Recap for November 29

  • Wheat futures were mixed Tuesday, with some contracts rising on ideas China might ease a few COVID restrictions and reopen parts of its economy. Soybeans popped higher on the China hopes as well, while corn prices declined. December corn dipped 3¢ to close at $6.65¾ a bu; September 2023 and beyond edged higher. Chicago December wheat added 1¢ to close at $7.57¾ a bu; July 2023 and beyond eased. Kansas City December wheat added 3¾¢ to $9.01 a bu. Minneapolis December wheat dropped 11¢ to close at $9.40¼ a bu. January soybeans added 2¼¢ to close at $14.59½ a bu. December soybean meal dropped $5.10 to close at $408.50 per ton. December soybean oil added 0.47¢ to settle at 76.54¢ a lb; later months were mixed, the majority of contracts higher.
  • US equity markets closed mostly lower Tuesday under pressure from rare protests in major Chinese cities, Fed chairman’s upcoming Brookings Institution speech, and the S&P CoreLogic Case-Shiller National Home Price Index, which was down 2.6% in the third quarter and showed home prices fell 1% in September from August. The Dow Jones Industrial Average added 3.07 points, or 0.01%, to 33,852.53. The Standard & Poor’s 500 Index slipped 6.31 points, or 0.16%, to 3,957.63. The Nasdaq Composite lost 65.72 points, or 0.59%, to 10,983.78.
  • US crude oil continued to climb Tuesday. The January contract was up $0.96 to close at $78.20 per barrel. 
  • The US dollar index closed higher for a second straight day Tuesday.
  • US gold futures also advanced despite the stronger dollar, the December future was up $8.10 to $1,748.40 per oz.

Recap for November 28 

  • Protests in China over relentless COVID lockdown policies pulled wheat futures lower Monday with the Chicago March contract reaching its lowest level since Aug. 19. Corn futures were narrowly mixed, buoyed by spillover support from soybeans that surged following news of a large export sale. December corn ticked up ¾¢ to close at $6.68¾ a bu; later months were narrowly mixed but mostly higher. Chicago December wheat fell 18¾¢ to close at $7.59¾ a bu. Kansas City December wheat dropped 17¼¢ to $9.04¾ a bu. Minneapolis December wheat declined 6¢ to close at $9.51¼ a bu. January soybeans jumped 21¢ to close at $14.57¼ a bu. December soybean meal added $4.80 to close at $413.60 per ton. December soybean oil advanced 1.55¢ to settle at 76.07¢ a lb.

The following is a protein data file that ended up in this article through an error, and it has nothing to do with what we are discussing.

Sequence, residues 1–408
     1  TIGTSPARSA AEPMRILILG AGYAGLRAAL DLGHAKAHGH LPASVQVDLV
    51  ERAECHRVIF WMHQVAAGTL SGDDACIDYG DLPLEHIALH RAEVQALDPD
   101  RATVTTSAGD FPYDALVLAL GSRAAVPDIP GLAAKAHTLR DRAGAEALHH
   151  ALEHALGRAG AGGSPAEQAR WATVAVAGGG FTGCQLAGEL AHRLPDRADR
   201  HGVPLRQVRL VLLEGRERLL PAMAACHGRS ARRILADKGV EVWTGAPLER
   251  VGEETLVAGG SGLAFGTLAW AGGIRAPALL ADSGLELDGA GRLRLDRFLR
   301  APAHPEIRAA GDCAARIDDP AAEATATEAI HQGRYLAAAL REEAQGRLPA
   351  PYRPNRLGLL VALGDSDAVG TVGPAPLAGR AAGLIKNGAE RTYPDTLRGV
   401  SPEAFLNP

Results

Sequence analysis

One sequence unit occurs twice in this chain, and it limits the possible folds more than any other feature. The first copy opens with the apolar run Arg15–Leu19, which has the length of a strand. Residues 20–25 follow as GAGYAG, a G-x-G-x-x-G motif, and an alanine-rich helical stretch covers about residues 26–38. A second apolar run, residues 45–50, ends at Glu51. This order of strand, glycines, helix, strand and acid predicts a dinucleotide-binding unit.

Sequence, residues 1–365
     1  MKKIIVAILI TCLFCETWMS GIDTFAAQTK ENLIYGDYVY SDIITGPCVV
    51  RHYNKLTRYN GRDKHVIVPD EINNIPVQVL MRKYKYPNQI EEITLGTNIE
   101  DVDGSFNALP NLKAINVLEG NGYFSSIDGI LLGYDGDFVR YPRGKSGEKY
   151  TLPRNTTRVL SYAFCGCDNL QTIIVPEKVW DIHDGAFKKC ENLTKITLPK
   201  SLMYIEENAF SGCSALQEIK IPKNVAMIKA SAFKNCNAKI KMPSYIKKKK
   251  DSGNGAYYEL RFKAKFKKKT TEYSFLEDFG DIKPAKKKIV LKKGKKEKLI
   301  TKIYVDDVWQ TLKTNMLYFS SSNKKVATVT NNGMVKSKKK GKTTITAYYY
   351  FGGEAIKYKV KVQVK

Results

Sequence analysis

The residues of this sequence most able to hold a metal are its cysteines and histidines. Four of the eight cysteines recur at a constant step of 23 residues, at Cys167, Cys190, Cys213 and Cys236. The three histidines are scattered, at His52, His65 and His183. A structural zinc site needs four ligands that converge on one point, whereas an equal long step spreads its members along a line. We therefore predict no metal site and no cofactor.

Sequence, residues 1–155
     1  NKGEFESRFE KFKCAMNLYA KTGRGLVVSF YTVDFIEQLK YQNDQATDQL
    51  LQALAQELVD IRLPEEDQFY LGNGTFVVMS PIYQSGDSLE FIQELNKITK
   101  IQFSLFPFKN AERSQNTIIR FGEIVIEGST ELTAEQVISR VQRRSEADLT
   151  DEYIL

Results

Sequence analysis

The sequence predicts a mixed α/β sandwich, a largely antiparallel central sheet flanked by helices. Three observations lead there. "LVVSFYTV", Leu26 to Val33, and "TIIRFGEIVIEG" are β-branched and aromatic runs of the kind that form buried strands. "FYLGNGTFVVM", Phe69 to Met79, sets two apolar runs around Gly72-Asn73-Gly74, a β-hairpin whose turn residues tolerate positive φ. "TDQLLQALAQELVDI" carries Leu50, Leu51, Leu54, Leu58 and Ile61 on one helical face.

• Mounting protests in China about the country’s Covid-19 policies coupled with fresh comments from Federal Reserve officials about upcoming interest rate increases kept US equity markets on a downward slide Monday. All three major indexes lost about 1.5% each. The Dow Jones Industrial Average fell 497.57 points, or 1.45%, to 33,849.46. The Standard & Poor’s 500 Index dropped 62.18 points, or 1.54%, to 3,963.94. The Nasdaq Composite lost 176.86 points, or 1.58%, to 11,049.50.
  • US crude oil climbed higher Monday. The January contract added $0.96 to close at $77.24 per barrel. 
  • The US dollar index strengthened Monday.
  • US gold futures declined on Monday. The December future lost $13.70 to $1,740.30 per oz.

Recap for November 25

  • On pressure from declining Russian wheat export prices, US wheat futures closed lower Friday, with the Chicago December contract reaching a three-month low during the holiday-shortened session. Harsh weather in South America gave corn futures a boost but minimally impacted the soy complex after Argentina announced plans to reinstate its preferential currency exchange for soybean exports through the end of the year. December corn gained 4¾¢ to close at $6.68 a bu. Chicago December wheat fell 18¢ to close at $7.75½ a bu. Kansas City December wheat dropped 8¼¢ to close at $9.22 a bu. Minneapolis December wheat dipped ½¢ to close at $9.57¼ a bu. January soybeans ticked up ¼¢ to close at $14.36¼ a bu. December soybean meal declined $0.90 to close at $408.80 per ton; the January 2023 contract was also lower but later months advanced. December soybean oil lost 0.39¢ to settle at 74.52¢ a lb.
  • US equity markets ended mixed in the post-Thanksgiving, Black Friday half-day session. The Dow Jones Industrial Average rose while the other major indexes settled lower. All equities posted gains for the week, riding the typical fourth-quarter wave fueled by consumer holiday spending. But investors kept watch on consumer behavior as they managed inflationary strains amidst rising, but potentially slowing, monetary policy demands. The Dow Jones Industrial Average advanced 152.97 points, or 0.45%, to 34,347.03. The Standard & Poor’s 500 Index slipped 1.14 points, or 0.03%, to 4,026.12. The Nasdaq Composite dropped 58.96 points, or 0.52%, to 11,226.36.
  • US crude oil declined on Friday. The January contract lost $1.66 to close at $76.28. 
  • The US dollar index weakened Friday.
  • US gold futures advanced on Friday. The December future was up $8.40 to $1,754 per oz.

Recap for November 22